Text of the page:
WWTBAM

Marjory Stoneman Douglas High School

It is great that the AMS is able to conduct this competition which values and encourages mathematical talent. While sports are usually celebrated, it is wonderful that students interested in mathematics can also be encouraged. I sincerely hope that many more students gain the opportunity to participate in this competition.

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Who Wants to Be a Mathematician at the 2017 ARML Competition

A team from the San Francisco Bay Area won $3,000 (total) and one TI-Nspire each playing a team version of Who Wants to Be a Mathematician at the University of Nevada, Las Vegas (UNLV), which is the western site of the American Regions Mathematics League (ARML) competition. The game was a special event at the two-day competition. Here are the San Francisco Bay Area (SFBA) contestants just after their victory:

The ARML competition at UNLV featured participants from the western part of the U.S. as well as from Pacific nations who competed as 15-person teams.

In the team version of Who Wants to Be a Mathematician, each team had three members. For each question, one team member answered individually and the other two worked together. The two team members entered their answer, and the individuals entered their answer separately, for 100n/2 points and 100n points (for question n), respectively. The team member who answered individually rotated among the three team members. There were six questions in each game, so each team member worked individually on two questions and with a team member on the other four questions.

Four teams participated in each game, while other participants in the ARML competition watched. Here are the team members from game one (from China, Colorado, Northern Nevada, and Southern California):

Game one participants

and from game two (from Korea, Oregon, Wild Wild West, and SFBA):

audience

The Who Wants to Be a Mathematician contestants were cheered on by about 400 ARML Western Site participants.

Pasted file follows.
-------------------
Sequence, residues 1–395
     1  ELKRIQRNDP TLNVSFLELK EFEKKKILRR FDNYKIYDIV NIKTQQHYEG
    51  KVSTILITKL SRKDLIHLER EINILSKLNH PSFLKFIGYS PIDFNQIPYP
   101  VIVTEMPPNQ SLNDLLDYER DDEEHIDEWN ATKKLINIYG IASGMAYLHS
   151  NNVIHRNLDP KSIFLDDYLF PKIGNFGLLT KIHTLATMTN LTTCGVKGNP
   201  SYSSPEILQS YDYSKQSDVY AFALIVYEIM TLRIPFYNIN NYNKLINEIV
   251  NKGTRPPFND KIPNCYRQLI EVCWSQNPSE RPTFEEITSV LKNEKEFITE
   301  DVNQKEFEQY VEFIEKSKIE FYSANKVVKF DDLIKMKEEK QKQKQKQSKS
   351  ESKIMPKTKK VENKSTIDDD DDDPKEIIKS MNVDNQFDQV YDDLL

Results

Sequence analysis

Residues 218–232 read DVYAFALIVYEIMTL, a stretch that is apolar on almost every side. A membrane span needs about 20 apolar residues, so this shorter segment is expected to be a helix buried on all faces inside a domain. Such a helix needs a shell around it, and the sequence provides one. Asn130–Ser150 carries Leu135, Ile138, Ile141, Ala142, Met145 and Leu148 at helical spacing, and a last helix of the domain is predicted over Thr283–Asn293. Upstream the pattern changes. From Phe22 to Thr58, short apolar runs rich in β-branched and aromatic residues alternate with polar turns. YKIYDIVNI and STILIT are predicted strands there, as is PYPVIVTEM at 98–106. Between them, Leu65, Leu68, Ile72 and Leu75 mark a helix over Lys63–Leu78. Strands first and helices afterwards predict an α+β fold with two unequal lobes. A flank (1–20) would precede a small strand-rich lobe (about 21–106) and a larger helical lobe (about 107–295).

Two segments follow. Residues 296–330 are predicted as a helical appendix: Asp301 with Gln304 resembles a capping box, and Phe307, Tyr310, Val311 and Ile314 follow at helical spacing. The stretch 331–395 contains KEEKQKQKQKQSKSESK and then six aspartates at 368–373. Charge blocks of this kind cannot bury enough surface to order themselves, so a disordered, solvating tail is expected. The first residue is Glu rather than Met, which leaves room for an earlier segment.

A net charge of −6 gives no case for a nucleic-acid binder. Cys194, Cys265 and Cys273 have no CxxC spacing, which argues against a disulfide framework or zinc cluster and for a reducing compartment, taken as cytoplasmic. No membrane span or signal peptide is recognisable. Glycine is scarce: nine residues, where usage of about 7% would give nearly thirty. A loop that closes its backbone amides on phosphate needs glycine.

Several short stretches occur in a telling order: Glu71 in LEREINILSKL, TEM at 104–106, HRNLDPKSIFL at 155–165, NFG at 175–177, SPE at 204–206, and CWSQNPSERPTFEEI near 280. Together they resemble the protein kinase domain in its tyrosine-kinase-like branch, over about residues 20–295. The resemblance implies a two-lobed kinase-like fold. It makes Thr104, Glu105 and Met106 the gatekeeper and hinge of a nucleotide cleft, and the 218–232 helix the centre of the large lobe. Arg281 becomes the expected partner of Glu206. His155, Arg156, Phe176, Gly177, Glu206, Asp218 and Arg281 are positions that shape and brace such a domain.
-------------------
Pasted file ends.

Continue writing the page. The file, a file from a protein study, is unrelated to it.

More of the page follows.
audience

Here is the final screen from game one, showing the order of the teams from that game. The win earned the Colorado team a total of $500 (eventually increased to the next multiple of three) and a TI-Nspire CX for each team member. The win also gave Colorado a spot in the Square-Off Round against the eventual game two winner.

Game one order of finish
Southern California team

The SFBA team won a close match in game two, edging out the teams from Wild Wild West, Oregon, and Korea. To the right is the last question from game two.

Game two order of finish
Last question of game two

The Colorado and SFBA teams then went head-to-head on the Square-Off question, which SFBA was first to answer correctly. This earned them another $500 and a chance at the $2,000 Bonus Question, which they could work on as a team. The question was a tough one, about probability, but SFBA answered correctly to bring the team's winnings to $3,000.

Below is a photo of the Southern California team, half of the Maple 2017 winners (the other Maple 2017 winners, Wild Wild West, had to leave before we could get a photo):

Southern California team

Below are the cash and prizes awarded to the teams. The cash amounts are the team totals, but each individual on the teams won a copy of the corresponding books and software.

  • TI-Nspire CX graphing calculator from Texas Instruments and $3,000 from the AMS: San Francisco Bay Area: Arav Karighattam, Wentinn Liao, and Ishika Shah
  • TI-Nspire CX graphing calculator from Texas Instruments and $501 from the AMS: Colorado: Hongyi Chen, Avi Swartz, and Hannah Zhang
  • Maple 2017 from Maplesoft: Southern California: Benjamin Chen, Jennifer Choi, and Jason Ye; and Wild Wild West: Maxwell Thum, Allen Wu, and Kendall Yu
  • Calculus with Early Transcendentals from John Wiley and Sons: Northern Nevada: Paolo Adajar, Vishwath Ganesan, and Sarah MacHarg; and Oregon: Jonathan Guo, Kaylee Jeong, and Anders Olsen
  • Mathematical Understanding of Nature: Essays on Amazing Physical Phenomena and Their Understanding by Mathematicians from the AMS: Korea: Robyn Na Hyun An, Hyeon Woo Kim, and Brian Lee; and China: Shundong Li, Wenhao Song, and Entong Zhou

Thanks very much to our sponsors: Maplesoft, the Who Wants to Be a Mathematician Technology Sponsor; Art of Problem Solving, the Online Community Sponsor; Texas Instruments; and John Wiley and Sons. Thanks also to those who helped bring the game to ARML and helped make it come to life that day: ARML President Paul Dreyer, Western site coordinator Matt Schneider, Caroline Kinyua, Kendra Brashear, and Jiyeong Gu.

Find out more about ARML.

Find out more about Who Wants to Be a Mathematician.

Video by Who Wants to Be a Mathematician co-creator and tech wizard Bill Butterworth, DePaul University. Almost all photos (except the game one and game two contestant photos) by James Toller. Text by Mike Breen, who can be seen below impersonating a proctor during the Super Relay round.

Mike passing out Chinese and English versions of relay questions

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